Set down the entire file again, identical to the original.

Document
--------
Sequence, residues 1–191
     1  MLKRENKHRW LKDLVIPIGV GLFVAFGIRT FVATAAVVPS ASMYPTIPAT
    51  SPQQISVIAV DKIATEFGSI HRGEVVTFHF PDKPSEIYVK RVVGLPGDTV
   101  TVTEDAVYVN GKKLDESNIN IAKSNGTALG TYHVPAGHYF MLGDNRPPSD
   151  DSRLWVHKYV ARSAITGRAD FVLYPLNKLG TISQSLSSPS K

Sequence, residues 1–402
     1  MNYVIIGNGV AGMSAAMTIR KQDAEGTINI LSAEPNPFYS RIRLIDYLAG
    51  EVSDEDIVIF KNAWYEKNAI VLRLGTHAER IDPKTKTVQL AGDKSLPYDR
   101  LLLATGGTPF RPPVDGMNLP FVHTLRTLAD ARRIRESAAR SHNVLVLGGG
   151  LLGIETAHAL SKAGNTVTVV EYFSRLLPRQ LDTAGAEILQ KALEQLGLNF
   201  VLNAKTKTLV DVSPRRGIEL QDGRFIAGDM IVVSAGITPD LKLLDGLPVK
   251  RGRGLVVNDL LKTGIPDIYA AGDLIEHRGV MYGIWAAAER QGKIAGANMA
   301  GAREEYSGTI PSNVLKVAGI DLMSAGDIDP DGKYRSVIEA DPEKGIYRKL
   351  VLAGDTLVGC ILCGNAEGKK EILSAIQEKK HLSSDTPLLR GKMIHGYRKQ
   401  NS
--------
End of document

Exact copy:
Sequence, residues 1–191
     1  MLKRENKHRW LKDLVIPIGV GLFVAFGIRT FVATAAVVPS ASMYPTIPAT
    51  SPQQISVIAV DKIATEFGSI HRGEVVTFHF PDKPSEIYVK RVVGLPGDTV
   101  TVTEDAVYVN GKKLDESNIN IAKSNGTALG TYHVPAGHYF MLGDNRPPSD
   151  DSRLWVHKYV ARSAITGRAD FVLYPLNKLG TISQSLSSPS K

Sequence, residues 1–402
     1  MNYVIIGNGV AGMSAAMTIR KQDAEGTINI LSAEPNPFYS RIRLIDYLAG
    51  EVSDEDIVIF KNAWYEKNAI VLRLGTHAER IDPKTKTVQL AGDKSLPYDR
   101  LLLATGGTPF RPPVDGMNLP FVHTLRTLAD ARRIRESAAR SHNVLVLGGG
   151  LLGIETAHAL SKAGNTVTVV EYFSRLLPRQ LDTAGAEILQ KALEQLGLNF
   201  VLNAKTKTLV DVSPRRGIEL QDGRFIAGDM IVVSAGITPD LKLLDGLPVK
   251  RGRGLVVNDL LKTGIPDIYA AGDLIEHRGV MYGIWAAAER QGKIAGANMA
   301  GAREEYSGTI PSNVLKVAGI DLMSAGDIDP DGKYRSVIEA DPEKGIYRKL
   351  VLAGDTLVGC ILCGNAEGKK EILSAIQEKK HLSSDTPLLR GKMIHGYRKQ
   401  NS